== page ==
Archive | Charleston web copy writer RSS feed for this section

The Secrets to Web Content that Sells

13 Jun

The best web developers understand that a critical part of every website design is the actual web content on every page. This content is what drives viewers to the website, and it is what keeps viewers interested in what the website has to offer. Additionally, web content compels website viewers to take action and either buy something or want to learn more. In order to write excellent web content, it is important to understand the basic fundamentals of writing search engine optimized copy. Here are some guidelines for writing web content that sells.

Web Content Research

Expert web content writers understand that before one word is every written for a website, research must be done first. This research consists of learning more about the niche industry or hobby that the website is about. This means reading up on the industry, as well as finding out what the top competitors are including on their websites. Any business that wants to get ahead in a smart way will take the time to research competitors first. Do this right and you have a great start to creating web content that sells!

Web Content Keywords

When consumers are looking for something on the Internet, they will generally type in a series of keywords into a search engine. These keywords are what lead viewers to particular websites. The websites which have enough of these keywords included in the web content get the best results in the search engines. This is often referred to as search engine optimization, or SEO. When writing content, be sure to use keyword research tools to indentify the top five keyword combinations for the best results for your website.

Web Content Word Counts

Another way to web content success is to make sure that you follow the rules when it comes to the actual word count of your web copy. Many people do not understand that if you do not have at least 250 words on a web page, it will simply be ignored by most major search engines like Google, Yahoo, and Bing. Be sure to write at least 250 words for each page. In addition, do not get carried away with your keywords, which will only cause your pages to be dropped entirely!

Web Content Paragraph Structure

Most readers will spend approximately 30 seconds or less reading your web content, so keep your sentences easy to read to keep them interested. Limit each paragraph to no more than 3-4 sentences and make sure that they make overall sense. Each paragraph should start with a compelling sentence and end with another compelling sentence to lead readers to the next paragraph. Remember, you are not writing a novel here, just great web content!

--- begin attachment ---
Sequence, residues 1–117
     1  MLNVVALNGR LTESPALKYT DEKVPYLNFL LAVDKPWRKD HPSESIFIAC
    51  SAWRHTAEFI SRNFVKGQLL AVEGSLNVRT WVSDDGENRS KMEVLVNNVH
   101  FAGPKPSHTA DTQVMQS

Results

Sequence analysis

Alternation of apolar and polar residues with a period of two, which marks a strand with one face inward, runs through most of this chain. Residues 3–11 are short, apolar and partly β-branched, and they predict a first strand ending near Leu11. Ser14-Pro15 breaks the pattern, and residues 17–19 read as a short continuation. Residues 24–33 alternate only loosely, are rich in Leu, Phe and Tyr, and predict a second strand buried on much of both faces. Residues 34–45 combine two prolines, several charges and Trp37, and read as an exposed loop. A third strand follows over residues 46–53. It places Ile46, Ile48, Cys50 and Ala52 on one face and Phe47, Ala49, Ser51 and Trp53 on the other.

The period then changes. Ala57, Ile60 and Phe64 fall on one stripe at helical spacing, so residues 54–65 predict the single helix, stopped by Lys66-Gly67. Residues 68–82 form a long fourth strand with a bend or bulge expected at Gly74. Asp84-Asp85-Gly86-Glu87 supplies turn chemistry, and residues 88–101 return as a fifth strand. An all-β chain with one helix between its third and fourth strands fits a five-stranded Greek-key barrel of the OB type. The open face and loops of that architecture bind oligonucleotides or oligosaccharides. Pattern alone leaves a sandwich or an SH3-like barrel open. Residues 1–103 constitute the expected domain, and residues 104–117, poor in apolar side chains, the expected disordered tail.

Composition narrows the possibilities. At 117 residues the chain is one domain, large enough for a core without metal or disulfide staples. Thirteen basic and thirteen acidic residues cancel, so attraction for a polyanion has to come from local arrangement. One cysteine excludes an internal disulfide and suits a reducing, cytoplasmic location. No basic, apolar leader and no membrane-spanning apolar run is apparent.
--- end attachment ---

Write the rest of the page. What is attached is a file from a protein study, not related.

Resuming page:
Call to Action in Web Content

Lastly, if you want to write the very best web content, you must include a call to action for your readers. Near the middle to the end of the web content, be sure to ask the reader to take action such as exploring other parts of the website (through imbedded links), pick up the phone to call, make a purchase, or send an email through a web contact form. The goal of the website is to not have people get stuck reading through many pages of content, but rather to take clear action.

As you write your web content, be sure to take the time to proofread it and spell check it so that your website comes off as intelligent and authoritative to readers. The basics of good writing apply to web content and will help your copy to sell to viewers. By following the above tips, your web content will improve and you will get positive results in terms of selling your ideas, services and products on a website marketing platform.

Advertisements

Should You Use Facebook to Talk to Copy Writing Clients?

7 Jun

Facebook has opened up a bright new online community of socially conscious people who are using this website as a platform for sharing information, making new acquaintances and marketing businesses online. While this is a great way to build a following of loyal fans and readers, there is still some etiquette that needs to stay in place when communicating using social media.

A new relatively phenomena has emerged in which copy writers are communicating almost exclusively with clients on facebook, as opposed to traditional telephone or email methods. Writers (and other freelancers) are searching for potential clients on facebook, befriending them, followed by sending introductory messages. On the other side, businesses, web content companies and web developers are seeking out talented copy writers and inviting them to get on board with writing gigs. It’s basically business networking on speed!

But before you get all excited about using facebook to find and communicate with new copy writing clients, here are some things to watch out for: